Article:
Now let’s consider what this psalm asks of us. At the very least, I think it’s an invitation to stand beside people who have suffered such atrocities. Unfortunately, war crimes are still being committed. While we may be tempted to run away, this psalm asks us to stay—to stand beside those who suffer and listen to their lament. Even more, it invites us to do whatever we can to put a stop to such horrors.

Finally—though it pushes us to think about the unthinkable—we need to bear in mind the awful possibility that we might need words like this someday. God forbid we should, but the very fact that this cry from the heart of darkness is part of Scripture implies that these words are not off limits. They are not pretty, but they are permitted. We can say them, and God can handle them.

The last half of Psalm 137 will never win any popularity contexts. But before we cut it from the canon, we need to imagine ourselves standing beside the person who wrote it. Because it is with Bible study as it is with real estate; the three most important words are location, location, location.

Ponder: Do you hear v. 8 as a cry for vengeance or a cry for justice? What’s the difference?

Pray: Give us the courage to stand beside those who suffer, merciful God. And when we suffer, give others the courage to stand beside us.

Good Intentions

Read: Romans 7:14-20

I do not understand my own actions. For I do not do what I want, but I do the very thing I hate (Romans 7:15, NRSV).

Don’t you wish you knew what was behind this statement? This is really one of those times when I find myself asking, “What brought THAT on?” I’m imagining the apostle Paul in all sorts of situations—some of them unsavory. Oddly, those are the ones that make me like him a little more.

Any time we delve into a New Testament epistle, it’s important to remember that we are reading someone else’s mail. And since twenty-one out of the twenty-seven books of the New Testament ARE letters, that’s a lot of snooping.

Still, as Bible professor Peter Enns points out, the fact that these letters are included in the canon means that “we are supposed to read these letters—and not only read them, but find some way to draw them into our own lives.” Which is not to say we can just “drag these letters into our own life as is. We have to work at finding the connection between them and now.”*

Sometimes, finding that connection means doing some homework. Take, for instance, this verse from just a few chapters later in the book of Romans: “Let every person be subject to the governing authorities; for there is no authority except from God, and those authorities that exist have been instituted by God” (Romans 13:1). That’s a lovely verse…until it isn’t. If your particular politician is competent, wise, responsible, and sane, this verse is great. But what if they aren’t? We don’t have to work too hard to imagine what that might feel like. Do we still have to assume that an appalling politician’s leadership is “instituted by God”? It’s bad enough dealing with such people without granting them divine authority.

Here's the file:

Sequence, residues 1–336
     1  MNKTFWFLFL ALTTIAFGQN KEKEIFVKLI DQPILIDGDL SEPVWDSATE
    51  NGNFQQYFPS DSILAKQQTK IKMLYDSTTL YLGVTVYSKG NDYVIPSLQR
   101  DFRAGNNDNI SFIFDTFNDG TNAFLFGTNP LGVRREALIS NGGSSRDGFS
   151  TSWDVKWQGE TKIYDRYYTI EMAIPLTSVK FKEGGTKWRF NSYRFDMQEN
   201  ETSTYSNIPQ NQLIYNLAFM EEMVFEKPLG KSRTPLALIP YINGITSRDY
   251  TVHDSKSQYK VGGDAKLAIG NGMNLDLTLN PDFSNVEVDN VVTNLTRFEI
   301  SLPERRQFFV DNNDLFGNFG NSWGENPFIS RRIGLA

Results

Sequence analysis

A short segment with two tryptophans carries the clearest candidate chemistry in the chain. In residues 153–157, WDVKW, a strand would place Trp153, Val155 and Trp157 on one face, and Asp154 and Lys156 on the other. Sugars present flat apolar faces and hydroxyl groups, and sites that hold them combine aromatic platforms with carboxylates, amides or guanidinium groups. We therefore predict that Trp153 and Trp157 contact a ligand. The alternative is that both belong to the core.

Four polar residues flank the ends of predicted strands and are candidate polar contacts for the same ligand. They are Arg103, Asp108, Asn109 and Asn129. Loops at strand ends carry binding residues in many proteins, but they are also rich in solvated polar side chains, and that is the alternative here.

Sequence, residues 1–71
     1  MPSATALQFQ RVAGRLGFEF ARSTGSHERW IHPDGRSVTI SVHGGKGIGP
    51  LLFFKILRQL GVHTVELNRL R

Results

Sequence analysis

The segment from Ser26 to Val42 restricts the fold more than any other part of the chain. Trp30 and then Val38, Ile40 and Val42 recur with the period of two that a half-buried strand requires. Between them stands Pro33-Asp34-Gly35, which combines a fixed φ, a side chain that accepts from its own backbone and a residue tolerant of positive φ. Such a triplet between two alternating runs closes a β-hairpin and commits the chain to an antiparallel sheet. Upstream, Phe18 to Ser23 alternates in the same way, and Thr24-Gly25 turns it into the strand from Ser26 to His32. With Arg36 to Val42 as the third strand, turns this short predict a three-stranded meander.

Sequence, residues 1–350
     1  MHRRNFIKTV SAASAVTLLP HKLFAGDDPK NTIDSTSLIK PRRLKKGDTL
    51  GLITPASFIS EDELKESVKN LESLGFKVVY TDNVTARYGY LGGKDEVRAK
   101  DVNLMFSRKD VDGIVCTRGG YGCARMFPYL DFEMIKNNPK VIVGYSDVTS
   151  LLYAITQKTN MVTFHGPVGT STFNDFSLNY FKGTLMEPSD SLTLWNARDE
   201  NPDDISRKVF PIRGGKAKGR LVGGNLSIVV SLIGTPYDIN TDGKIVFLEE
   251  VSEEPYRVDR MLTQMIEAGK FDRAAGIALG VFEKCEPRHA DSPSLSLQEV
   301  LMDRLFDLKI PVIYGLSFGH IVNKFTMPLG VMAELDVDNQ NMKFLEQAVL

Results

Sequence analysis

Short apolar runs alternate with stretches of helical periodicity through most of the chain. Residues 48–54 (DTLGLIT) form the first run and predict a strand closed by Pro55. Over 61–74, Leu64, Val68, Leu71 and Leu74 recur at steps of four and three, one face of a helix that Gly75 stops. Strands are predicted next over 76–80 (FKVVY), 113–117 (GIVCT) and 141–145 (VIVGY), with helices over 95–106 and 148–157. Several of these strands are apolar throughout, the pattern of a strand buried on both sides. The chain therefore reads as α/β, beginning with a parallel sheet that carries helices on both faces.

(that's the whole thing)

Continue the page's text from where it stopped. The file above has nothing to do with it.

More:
Enns suggests that we would do well to remember Paul’s context before we attempt to apply such verses to our own. The letter is written to first-century Christians in the city of Rome, after all. It was a place that was notoriously dangerous for both Christians and Jews. Paul himself ended up as a prisoner—and ultimately a martyr—there. So, maybe in this context, Romans 13:1 is “a word of wisdom for the church to keep a low profile and not to stir up trouble” (Enns, p. 259).

Having said all of this, however, I’m not sure we need too much context to help us get the gist of Paul’s I do not do what I want, but I do the very thing I hate lament. The context of that statement seems to be, well, the human experience. We don’t need to know the particulars to understand what he’s talking about. We’ve all been there.

One of my favorite lines from Lewis Carroll’s Alice in Wonderland is this one: “Alice generally gave herself very good advice…though she very seldom followed it.”

Who’d have thought it. Alice and Paul are on the same page.

Ponder: How are you doing with your New Year’s resolutions? What’s that about?

Pray: Inspire our good intentions, O God. Strengthen our attempts to fulfill them. Forgive us when we fall short.


*Peter Enns, How the Bible Actually Works: In Which I Explain How an Ancient, Ambiguous, and Diverse Book Leads Us to Wisdom Rather Than Answers—and Why That’s Good News (New York: HarperCollins, 2019), pp.  254-255.

High Anxiety-Deep Peace

Read: Psalm 46

There is a river whose streams make glad the city of God, the holy habitation of the Most High. God is in the midst of the city; it shall not be moved; God will help it when the morning dawns…Be still, and know that I am God. I am exalted among the nations, I am exalted in the earth (Psalm 46: 4-5, 10, NRSV).

Chaos is all around in this psalm. First, there is cosmic chaos. (It’s never a good thing when the mountains slip into the heart of the sea.) Then, there is political chaos with the nations and the kingdoms slipping (That’s terrifying, too—just in a different way.)

But in the midst of all this chaos—Zion—the city of Jerusalem stands serene. It’s a still point at the center of the psalm. A place of safety where the people of God can take refuge. Why? Because God is there. “The Lord of hosts is with us,” the psalmist says. “The God of Jacob is our refuge.”